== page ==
Three-year push, which aims to raise $28 million, focuses on five areas of funding need
Norwich has thrived through 200 years of nation-shaking challenges — war, recession, political upheaval. A campus that teaches and talks behind face masks knows a fresh challenge has arrived.
To weather it, Norwich will stand physically distanced but close spiritually, and university development officials hope, fiscally. Shoulder-to-Shoulder, a three-year $28 million fundraising initiative, aims to help Norwich keep thriving.
During the recent virtual Homecoming celebration, part of which was broadcast on NUTV on the Alumni and Family Relations Office’s web and Facebook pages, Vice President of Development Liz Kennedy said she and her colleagues had expected to be basking in previous success.
“We’re going to make sure we’re ready to weather this storm.” Liz Kennedy, vice president of development, Norwich University
The Forging the Future campaign, a five-year program that ended Dec. 31, smashed its $100 million goal, raised $121 million and earned an Educational Fundraising Award from the Council for Advancement and Support of Education. About 8,422 donors contributed to Forging the Future, which was dedicated to enhancing the academic program. Campaign money helped renovate and add buildings all over campus, supported scholarships and boosted the university’s endowment.
But the pandemic created a new hurdle.
“We’re going to make sure we’re ready to weather this storm,” Kennedy said.
To do so, she said, Norwich will use Shoulder-to-Shoulder to focus on maintaining a strong Norwich Fund, a cash cache serving any university need, and staying academically competitive. Norwich wants to continue drawing top-flight students and transform them into strong, savvy future leaders.
“Norwich University has never been more closely aligned, strategically, emotionally and passionately than we are right now,” Norwich President Mark C. Anarumo said in a Shoulder-to-Shoulder video unveiled at Homecoming.
Kennedy said Shoulder-to-Shoulder gifts, devoted to the Norwich Fund, scholarships, technology endowment, academic enhancement and planned giving, will help the university stay flexible and affordable.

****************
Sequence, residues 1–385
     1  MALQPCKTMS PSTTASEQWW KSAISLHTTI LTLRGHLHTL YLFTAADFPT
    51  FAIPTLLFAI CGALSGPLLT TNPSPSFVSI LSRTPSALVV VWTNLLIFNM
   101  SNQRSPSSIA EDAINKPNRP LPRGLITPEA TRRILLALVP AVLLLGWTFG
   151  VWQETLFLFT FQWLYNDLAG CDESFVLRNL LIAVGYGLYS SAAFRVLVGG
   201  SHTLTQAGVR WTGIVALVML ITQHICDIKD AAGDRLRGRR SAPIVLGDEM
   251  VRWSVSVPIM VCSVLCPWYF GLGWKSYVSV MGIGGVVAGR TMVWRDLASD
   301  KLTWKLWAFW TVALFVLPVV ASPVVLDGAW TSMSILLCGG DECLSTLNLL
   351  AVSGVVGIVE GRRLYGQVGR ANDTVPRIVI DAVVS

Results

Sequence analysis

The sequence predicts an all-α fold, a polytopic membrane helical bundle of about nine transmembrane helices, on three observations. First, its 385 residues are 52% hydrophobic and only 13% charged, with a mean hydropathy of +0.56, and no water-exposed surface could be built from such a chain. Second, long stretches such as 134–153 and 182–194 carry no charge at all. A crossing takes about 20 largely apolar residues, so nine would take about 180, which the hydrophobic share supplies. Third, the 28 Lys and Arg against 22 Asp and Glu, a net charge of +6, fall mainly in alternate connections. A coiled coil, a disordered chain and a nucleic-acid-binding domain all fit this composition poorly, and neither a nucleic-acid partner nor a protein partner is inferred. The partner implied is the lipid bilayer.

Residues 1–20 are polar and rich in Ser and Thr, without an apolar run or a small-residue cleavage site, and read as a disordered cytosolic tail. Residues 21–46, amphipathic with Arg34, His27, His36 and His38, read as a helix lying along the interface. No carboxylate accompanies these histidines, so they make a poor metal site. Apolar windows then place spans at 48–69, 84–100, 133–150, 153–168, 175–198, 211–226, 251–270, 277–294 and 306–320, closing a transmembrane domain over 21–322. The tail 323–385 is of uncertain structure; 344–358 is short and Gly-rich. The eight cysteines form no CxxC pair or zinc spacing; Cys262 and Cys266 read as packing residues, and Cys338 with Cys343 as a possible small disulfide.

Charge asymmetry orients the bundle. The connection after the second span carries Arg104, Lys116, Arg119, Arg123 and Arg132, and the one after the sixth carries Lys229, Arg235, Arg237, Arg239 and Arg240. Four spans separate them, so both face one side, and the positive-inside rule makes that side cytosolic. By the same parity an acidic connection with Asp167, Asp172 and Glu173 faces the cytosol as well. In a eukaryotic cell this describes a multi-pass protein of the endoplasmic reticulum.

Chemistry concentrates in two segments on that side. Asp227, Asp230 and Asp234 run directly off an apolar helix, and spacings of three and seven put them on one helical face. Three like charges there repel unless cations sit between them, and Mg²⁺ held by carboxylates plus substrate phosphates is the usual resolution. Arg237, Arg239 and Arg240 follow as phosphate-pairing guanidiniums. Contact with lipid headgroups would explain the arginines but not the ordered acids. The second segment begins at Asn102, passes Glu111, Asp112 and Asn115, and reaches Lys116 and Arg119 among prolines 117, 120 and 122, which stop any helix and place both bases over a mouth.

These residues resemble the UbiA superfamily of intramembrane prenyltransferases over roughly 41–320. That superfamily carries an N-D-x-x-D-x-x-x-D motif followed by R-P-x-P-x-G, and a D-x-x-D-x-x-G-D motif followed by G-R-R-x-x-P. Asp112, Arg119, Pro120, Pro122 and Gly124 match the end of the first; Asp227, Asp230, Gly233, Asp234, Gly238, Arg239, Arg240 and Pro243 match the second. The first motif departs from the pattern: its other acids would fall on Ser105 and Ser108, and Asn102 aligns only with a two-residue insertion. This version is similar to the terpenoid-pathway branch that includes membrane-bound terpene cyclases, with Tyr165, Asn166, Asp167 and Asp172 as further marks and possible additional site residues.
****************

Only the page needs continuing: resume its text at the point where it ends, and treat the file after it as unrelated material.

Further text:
The Norwich Fund, which supports core operations and strategic priorities, is particularly relevant now, Kennedy said, because it also lets the university respond to urgent needs and unforeseeable events, like the pandemic.
At Friday’s Board of Fellows meeting, Anarumo said the fund has helped the university administer more than 9,000 COVID-19 tests for students, faculty and staff since August.
Kennedy said, “We had not budgeted for COVID because who knew COVID was coming. That’s where the Norwich Fund comes in. That’s where we can say, ‘We need to designate money here, OK we have it.’”
On the Shoulder-to-Shoulder video, junior international studies major Angeline Gonzalez and senior neuroscience major Shawnae Evans said scholarships helped them pursue their academic goals.
Assistant Commandant William Passalacqua said, “That’s the value of scholarships — keeping students here, helping them graduate. In some cases, making Norwich the school they want to come to.”
Meanwhile, senior Caleigh Travers, a cadet and electrical engineering major who is also on the women’s basketball team, said planned giving, including a $3 million bequest from Professor Emeritus Don Wallace, who died in 2018, helped the university get the resources that enabled her studies.
“The labs and the equipment we have allowed me to have a variety of experiences,” she said. “The network we have through the school and people who continually want to give back, who already had their time here, is really important.”
Gifts made over Homecoming weekend honored President Emeritus Richard W. Schneider, who led the university for 28 years and who famously said, “Vision without resources is hallucination.”
Contribute to Shoulder-to-Shoulder here.
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